Of the 998 people killed by police in 2018, Iosia Faletogo was the 995th, according to the Washington Post Fatal Force Database. Faletogo, a father and member of a well-known Samoan family, was shot and killed on New Year’s Eve on Aurora Avenue North after he fled from a traffic stop. The dashboard camera and body camera footage of the five officers involved at one point shows Faletogo with a handgun. However, at the moment he is shot his palms are flat on the ground, the handgun is unseen, and he is uttering the words, “I’m not reach.…”
A Google search of mainstream media — The Seattle Times, Q13 Fox, KOMO, even Crosscut — finds stories written since Faletogo was killed that outline his criminal history, some aspects of his family life, where he had lived and what was found on him and in his car.
The released camera footage shows five officers. They were put on administrative leave, but little is known about them. What about their disciplinary records? A few articles mentioned Jared Keller, identified as the police officer who shot Faletogo in the head. According to The Seattle Times, in December 2017, Keller was part of an incident involving deadly use of force by SPD in which seven officers, including Keller, shot and killed a man allegedly armed with a gun.
Reality is, the identities and disciplinary records of officers involved in excessive or deadly uses of force are protected. The lack of transparency not only keeps the public from knowing this information, but makes it hard to access it, even through a public disclosure request.
Why is this? The short answer is the information is protected by law and the Seattle Police Officers Guild (SPOG). Yet how can the public scrutinize police conduct and trust that officers are properly disciplined if the law (and the guild) protects them from basic disclosure? When shootings occur, especially in cases that prompt much public discourse, scrutiny and community outrage, citizens must be able to trust the system that investigates the incidents and ultimately disciplines officers, if and when there is substantiated misconduct. Even when there is no substantiated misconduct, the community must be able to trust that the investigation was thorough and above reproach.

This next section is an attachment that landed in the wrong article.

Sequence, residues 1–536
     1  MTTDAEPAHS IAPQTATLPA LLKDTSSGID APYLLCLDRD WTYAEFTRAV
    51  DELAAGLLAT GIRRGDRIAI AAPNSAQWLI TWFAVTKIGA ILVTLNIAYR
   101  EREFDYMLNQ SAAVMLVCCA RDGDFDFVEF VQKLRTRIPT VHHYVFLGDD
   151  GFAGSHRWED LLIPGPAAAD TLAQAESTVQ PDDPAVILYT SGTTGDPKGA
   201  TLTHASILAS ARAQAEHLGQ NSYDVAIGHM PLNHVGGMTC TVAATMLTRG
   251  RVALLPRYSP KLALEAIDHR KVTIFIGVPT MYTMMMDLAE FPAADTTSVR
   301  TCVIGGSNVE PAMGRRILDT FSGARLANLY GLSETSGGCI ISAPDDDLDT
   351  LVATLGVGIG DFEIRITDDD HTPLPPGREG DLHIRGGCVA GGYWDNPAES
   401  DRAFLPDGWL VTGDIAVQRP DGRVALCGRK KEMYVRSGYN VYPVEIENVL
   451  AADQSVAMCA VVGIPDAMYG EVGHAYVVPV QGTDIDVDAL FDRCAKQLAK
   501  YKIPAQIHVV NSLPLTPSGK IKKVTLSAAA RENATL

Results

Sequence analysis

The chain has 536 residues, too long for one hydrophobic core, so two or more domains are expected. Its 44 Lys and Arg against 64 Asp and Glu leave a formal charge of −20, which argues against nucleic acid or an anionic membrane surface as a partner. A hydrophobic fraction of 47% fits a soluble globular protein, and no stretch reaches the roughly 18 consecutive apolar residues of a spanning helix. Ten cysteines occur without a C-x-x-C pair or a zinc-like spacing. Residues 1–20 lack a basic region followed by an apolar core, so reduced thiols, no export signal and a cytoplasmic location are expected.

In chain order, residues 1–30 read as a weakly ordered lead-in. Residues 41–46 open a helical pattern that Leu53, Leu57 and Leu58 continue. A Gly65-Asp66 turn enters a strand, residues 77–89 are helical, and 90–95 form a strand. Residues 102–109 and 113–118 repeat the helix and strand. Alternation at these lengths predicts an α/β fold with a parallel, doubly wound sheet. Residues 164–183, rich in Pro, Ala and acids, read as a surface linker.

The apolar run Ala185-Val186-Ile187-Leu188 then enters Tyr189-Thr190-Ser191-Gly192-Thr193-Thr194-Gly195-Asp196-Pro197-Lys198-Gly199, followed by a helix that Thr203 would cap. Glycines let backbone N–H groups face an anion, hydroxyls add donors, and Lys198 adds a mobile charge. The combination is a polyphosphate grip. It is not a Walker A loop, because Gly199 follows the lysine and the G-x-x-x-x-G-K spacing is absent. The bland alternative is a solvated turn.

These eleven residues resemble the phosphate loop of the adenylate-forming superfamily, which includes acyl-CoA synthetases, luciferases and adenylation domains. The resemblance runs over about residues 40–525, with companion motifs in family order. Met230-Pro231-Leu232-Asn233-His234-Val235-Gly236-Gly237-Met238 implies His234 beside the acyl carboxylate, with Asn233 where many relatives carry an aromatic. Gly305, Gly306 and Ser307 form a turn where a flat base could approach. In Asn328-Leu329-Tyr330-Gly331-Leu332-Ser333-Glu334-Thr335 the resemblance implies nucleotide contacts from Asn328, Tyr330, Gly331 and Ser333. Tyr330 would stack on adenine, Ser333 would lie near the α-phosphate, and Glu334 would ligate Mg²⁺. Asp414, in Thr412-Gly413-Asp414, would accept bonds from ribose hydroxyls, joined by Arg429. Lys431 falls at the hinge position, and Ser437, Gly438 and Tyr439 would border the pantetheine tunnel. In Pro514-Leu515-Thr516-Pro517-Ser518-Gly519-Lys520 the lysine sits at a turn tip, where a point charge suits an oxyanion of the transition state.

There are instances in which a public employee’s disciplinary records are accessible by a public disclosure request, such as investigations of sexual misconduct and substantiated allegations of sexual misconduct. According to multiple court opinions, the information is to be disclosed when it is found to be of “legitimate public interest” and does not violate the employee’s “right to privacy.” The Washington Supreme Court confirmed that teachers have no right to privacy in complaints of sexual misconduct that are substantiated or when disciplinary action is taken because the misconduct is of legitimate public interest.
But when it comes to public disclosure records regarding police, they have many more protections — including the guild. These protections shield them from public scrutiny and keep the public from information that may further sow seeds of frustration and mistrust of the police.
We need a strong baseline for what accountability is in Seattle. In 2017, the Seattle City Council unanimously voted for new police accountability legislation, which was developed as a part of a five-year federal consent decree. The decree resulted from a Department of Justice investigation of the Seattle Police Department that found patterns of excessive use of force and “troubling” evidence of discriminatory policing.
In 2018, in an 8-1 vote, the council accepted a collective bargaining agreement (CBA) with the Seattle Police Officers Guild that conflicts with the 2017 legislation in multiple areas. Many police accountability advocates and community members opposed the CBA because of the conflicts. They included the city’s own Community Police Commission, the American Civil Liberties Union of Washington, the King County NAACP and Not This Time.
In a recent court filing, the Community Police Commission alleges the contract continues to shield officers by allowing appeals challenging disciplinary actions to be kept from the view of complainants, the public and the media. Does the public not have a legitimate interest in knowing who is patrolling our communities, especially if they have committed multiple acts of excessive use of force or deadly use of force?
California pushed for more transparency with Senate Bill 1421 in its state Legislature. Authored by State Sen. Nancy Skinner, D-Berkeley, the bill revised state open records laws and made several things subject to Public Records Act. As reported in the East Bay Express, they include “previously confidential information about police shootings, uses of force resulting in great bodily harm and sustained complaints of sexual assault and dishonesty against officers.” The California Supreme Court currently is determining whether SB 1421 applies to “Brady Lists,” a secretive database compiled by police that includes the names of officers who have engaged in acts of moral turpitude and dishonesty.
If you are a victim of police violence, your past seems to be an open book. The media and the police will share everything they have on you, no matter how far back it extends or how unrelated it is to the violence that ensued. But what if you are the perpetrator of police violence? What if a police officer has a substantiated history of lying? Or multiple excessive use of force complaints and/or substantiated violations? If a police officer has substantiated violations, why are they still allowed to police our communities? How can the public even question their continued presence on the police force if this information is so highly protected from the public eye? Is this not an issue of legitimate public interest?